Russian Scholar Karaganov Articulated Russia’s Balancing Act With China
6 AUGUST 2021
Influential Russian Scholar Sergey Karaganov’s recent interview about the strategic dynamics of the New Cold War dedicates a lot of attention to articulating Russia’s balancing act with China and is therefore a must-read for all those who are interested in learning more about the Kremlin’s calculations in this respect.
Few would contest the claim that the world is in the midst of a New Cold War, but even fewer are able to articulate its strategic dynamics, let alone from a position of authority. Influential Russian scholar Sergey Karaganov, who recently gave an interview about this subject to the Argumenty I Fakty newspaper, is one of those experts whose assessments carry a lot of weight and are worthy of reviewing. RT‘s summary of his insight informed their non-Russian audience about his esteemed credentials: “Karaganov has been one of Russia’s top foreign-policy theorists for decades, and has also advised President Vladimir Putin in the past. He is currently the head of the World Economy and International Affairs faculty at the Higher School of Economics (HSE), a prestigious university in Moscow.” Due to its scope, however, it didn’t focus much on what he said about China.
The present piece therefore aims to raise greater awareness of Mr. Karaganov’s interpretation of Russian-Chinese relations, which he implies are actually characterized by a very sensitive balancing act. This aligns with what I’ve previously written on the subject, the following five pieces of which are my most prominent:
* 3 June 2020: “Pakistan’s Role In Russia’s Greater Eurasian Partnership”
* 17 February 2021: “Why Structural Realists Are Wrong To Predict That Russia Will Help The US Against China”
* 11 June 2021: “Towards Increasingly Complex Multipolarity: Scenarios For The Future”
My arguments, observations, and conclusions contradict the prevailing narrative that Russian-Chinese relations are either characterized by an eternal alliance or an inevitable clash. Since Mr. Karaganov’s insight closely aligns with my own, however, his professional authority might inspire some folks to reconsider their views about this.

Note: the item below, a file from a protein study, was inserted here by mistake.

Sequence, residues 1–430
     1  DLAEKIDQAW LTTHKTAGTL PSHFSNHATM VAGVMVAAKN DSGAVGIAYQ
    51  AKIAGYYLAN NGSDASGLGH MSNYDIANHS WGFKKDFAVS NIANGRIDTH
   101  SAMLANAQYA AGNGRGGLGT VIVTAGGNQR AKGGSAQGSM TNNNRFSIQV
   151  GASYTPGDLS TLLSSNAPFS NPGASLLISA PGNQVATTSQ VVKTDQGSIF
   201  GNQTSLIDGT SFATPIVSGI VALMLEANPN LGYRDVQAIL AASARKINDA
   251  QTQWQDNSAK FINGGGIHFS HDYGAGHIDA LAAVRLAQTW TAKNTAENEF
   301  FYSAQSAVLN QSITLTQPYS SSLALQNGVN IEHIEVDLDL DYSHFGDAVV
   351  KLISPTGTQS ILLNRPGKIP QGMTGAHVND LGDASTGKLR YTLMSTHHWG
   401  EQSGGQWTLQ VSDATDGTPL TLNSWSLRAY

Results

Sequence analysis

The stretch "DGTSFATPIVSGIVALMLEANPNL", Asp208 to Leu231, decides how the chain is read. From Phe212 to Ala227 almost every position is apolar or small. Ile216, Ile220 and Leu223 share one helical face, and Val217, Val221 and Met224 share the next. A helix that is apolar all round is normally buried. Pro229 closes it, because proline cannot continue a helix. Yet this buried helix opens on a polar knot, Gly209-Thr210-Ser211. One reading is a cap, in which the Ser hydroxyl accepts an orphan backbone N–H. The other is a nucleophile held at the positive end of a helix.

Per Google Translate, these are the points that he made about China in the order that they were shared:
* “If we fought the last Cold War on two fronts, now China is on our side, it is our gigantic strategic resource. It draws on itself most of the military and political power of the West.”
* “If China, the main player in this cold war, wins, and it starts to feel dizzy with success, then we will not balance in its direction. If, on the contrary, China starts to lose, then we will have to go for a much closer alliance with it in order to prevent the West from gaining.”
* “Today’s relations between Russia and the PRC are an outstanding achievement of our and Chinese policy. And one of the biggest geostrategic failures of the West, which not only allowed us to get closer, but also reduced us to the state of a real semi-union.”
* “With a careful analysis of China’s policy and its military preparations, you come to the conclusion: in the foreseeable future, the Chinese are not going to threaten us. Otherwise, why would they so powerfully rebuild their military strategy and military construction from land to sea, investing most of their resources in space, in the navy, but not in ground forces? They are not going to fight for the expansion of territories, they are going to defend their southeastern and eastern borders. But what will happen in 10-15 years, we do not know. I admit that the Chinese elite will make a strategic mistake and follow one of the traditional Chinese paths – the construction of the Middle Empire surrounded by vassal states. Then China will have gigantic problems, and not only with Russia. Neither India, nor Iran, nor Turkey, not to mention Japan – all the great powers of Eurasia will not tolerate this. But if the Chinese act wisely, the prospects for our relationship will be simply wonderful.”